Campus Units

Agronomy, Food Science and Human Nutrition, Center for Crops Utilization Research

Document Type

Article

Publication Version

Published Version

Publication Date

11-2005

Journal or Book Title

Cereal Chemistry

Volume

82

Issue

6

First Page

683

Last Page

689

DOI

http://dx.doi.org/10.1094/CC-82-0683

Abstract

The effect of four growing environments (two at Ames, IA; one at Clinton, IL; and one at Columbia, MO) on the thermal properties of starch from five exotic-by-adapted corn inbred lines (Chis37, Cuba34, Cuba38, Dk8, Dk10) and two control lines (B73 and Mo17) were studied using differential scanning calorimetry (DSC). The variations in thermal properties within environments were similar for the exotic-by-adapted lines and control lines. Missouri was the warmest environment and generally produced starch with the greatest gelatinization onset temperature (ToG), the narrowest range of gelatinization (RG), and the greatest enthalpy of gelatinization (ΔHG). Illinois was the coolest environment and generally resulted in starch with the lowest ToG, widest RG, and lowest ΔHG. These differences were attributed to higher temperatures in Missouri during grain-filling months either increasing the amount of longer branches of amylopectin or perfecting amylopectin crystalline structure. The Ames 1 environment produced starch with thermal properties most similar to those of Illinois, whereas the Ames 2 environment produced starch with thermal properties most similar to those of Missouri. Ames 2, located near a river bottom where temperatures tend to be warmer, likely had temperatures most similar to those found in Missouri during grain filling.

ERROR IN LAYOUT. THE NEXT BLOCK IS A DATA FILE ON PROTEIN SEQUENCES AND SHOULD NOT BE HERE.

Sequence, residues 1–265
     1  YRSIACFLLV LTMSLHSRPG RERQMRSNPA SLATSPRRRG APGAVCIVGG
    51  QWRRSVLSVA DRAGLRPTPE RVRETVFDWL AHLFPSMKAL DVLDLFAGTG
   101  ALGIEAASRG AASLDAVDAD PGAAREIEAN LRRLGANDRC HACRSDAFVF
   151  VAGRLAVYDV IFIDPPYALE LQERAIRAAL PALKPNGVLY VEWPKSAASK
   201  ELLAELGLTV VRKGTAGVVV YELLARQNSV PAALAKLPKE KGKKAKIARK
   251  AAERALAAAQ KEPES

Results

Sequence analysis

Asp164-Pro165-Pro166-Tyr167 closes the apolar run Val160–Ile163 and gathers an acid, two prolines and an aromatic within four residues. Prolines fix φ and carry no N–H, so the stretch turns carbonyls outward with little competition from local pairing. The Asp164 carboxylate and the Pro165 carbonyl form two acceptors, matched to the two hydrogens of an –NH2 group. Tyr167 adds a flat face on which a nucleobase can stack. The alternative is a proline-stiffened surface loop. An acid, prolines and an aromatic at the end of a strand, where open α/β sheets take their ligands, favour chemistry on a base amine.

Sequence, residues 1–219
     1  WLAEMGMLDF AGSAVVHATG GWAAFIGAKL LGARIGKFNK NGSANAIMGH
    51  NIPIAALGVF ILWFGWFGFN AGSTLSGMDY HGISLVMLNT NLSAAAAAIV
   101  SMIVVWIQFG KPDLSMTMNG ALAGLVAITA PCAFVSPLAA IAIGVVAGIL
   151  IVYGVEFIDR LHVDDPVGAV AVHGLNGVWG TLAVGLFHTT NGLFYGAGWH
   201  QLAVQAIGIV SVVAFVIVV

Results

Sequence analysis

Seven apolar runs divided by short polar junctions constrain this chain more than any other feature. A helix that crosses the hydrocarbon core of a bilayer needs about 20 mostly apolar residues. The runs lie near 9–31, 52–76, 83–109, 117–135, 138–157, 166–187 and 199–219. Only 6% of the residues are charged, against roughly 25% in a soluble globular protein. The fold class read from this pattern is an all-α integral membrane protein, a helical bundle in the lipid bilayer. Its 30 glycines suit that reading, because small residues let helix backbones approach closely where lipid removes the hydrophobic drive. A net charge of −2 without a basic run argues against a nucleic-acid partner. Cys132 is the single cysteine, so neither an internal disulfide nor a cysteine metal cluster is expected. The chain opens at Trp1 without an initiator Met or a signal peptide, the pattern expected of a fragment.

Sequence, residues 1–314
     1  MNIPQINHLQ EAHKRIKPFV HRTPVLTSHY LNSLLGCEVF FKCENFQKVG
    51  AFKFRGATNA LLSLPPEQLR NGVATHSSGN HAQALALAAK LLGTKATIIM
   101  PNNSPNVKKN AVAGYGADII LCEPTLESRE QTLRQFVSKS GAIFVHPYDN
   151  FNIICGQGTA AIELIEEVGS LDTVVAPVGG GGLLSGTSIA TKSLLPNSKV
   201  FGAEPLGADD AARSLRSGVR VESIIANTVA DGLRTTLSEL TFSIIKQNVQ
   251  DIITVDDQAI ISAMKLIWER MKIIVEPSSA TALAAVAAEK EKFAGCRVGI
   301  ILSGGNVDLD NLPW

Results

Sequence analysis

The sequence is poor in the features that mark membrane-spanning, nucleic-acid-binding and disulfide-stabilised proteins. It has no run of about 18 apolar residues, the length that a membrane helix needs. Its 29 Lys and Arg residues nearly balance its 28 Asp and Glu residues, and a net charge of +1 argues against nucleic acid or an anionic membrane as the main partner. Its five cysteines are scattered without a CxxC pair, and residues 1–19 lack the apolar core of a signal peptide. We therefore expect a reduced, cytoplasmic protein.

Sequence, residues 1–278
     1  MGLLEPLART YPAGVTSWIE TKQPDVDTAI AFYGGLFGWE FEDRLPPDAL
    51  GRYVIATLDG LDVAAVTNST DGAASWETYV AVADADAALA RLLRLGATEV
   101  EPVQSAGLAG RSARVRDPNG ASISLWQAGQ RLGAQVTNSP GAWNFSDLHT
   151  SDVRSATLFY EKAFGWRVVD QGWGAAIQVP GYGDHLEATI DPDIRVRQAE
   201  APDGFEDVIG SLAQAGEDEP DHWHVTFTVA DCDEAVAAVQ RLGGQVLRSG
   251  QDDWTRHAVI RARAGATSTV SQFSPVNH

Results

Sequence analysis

Comments

This article is from Cereal Chemistry, 2005, 82(6); 683-689. http://dx.doi.org/10.1094/CC-82-0683.

Rights

Works produced by employees of the United States Government as part of their official duties are not copyrighted within the U.S. The content of this document is not copyrighted.

Language

en

File Format

application/pdf

Share

COinS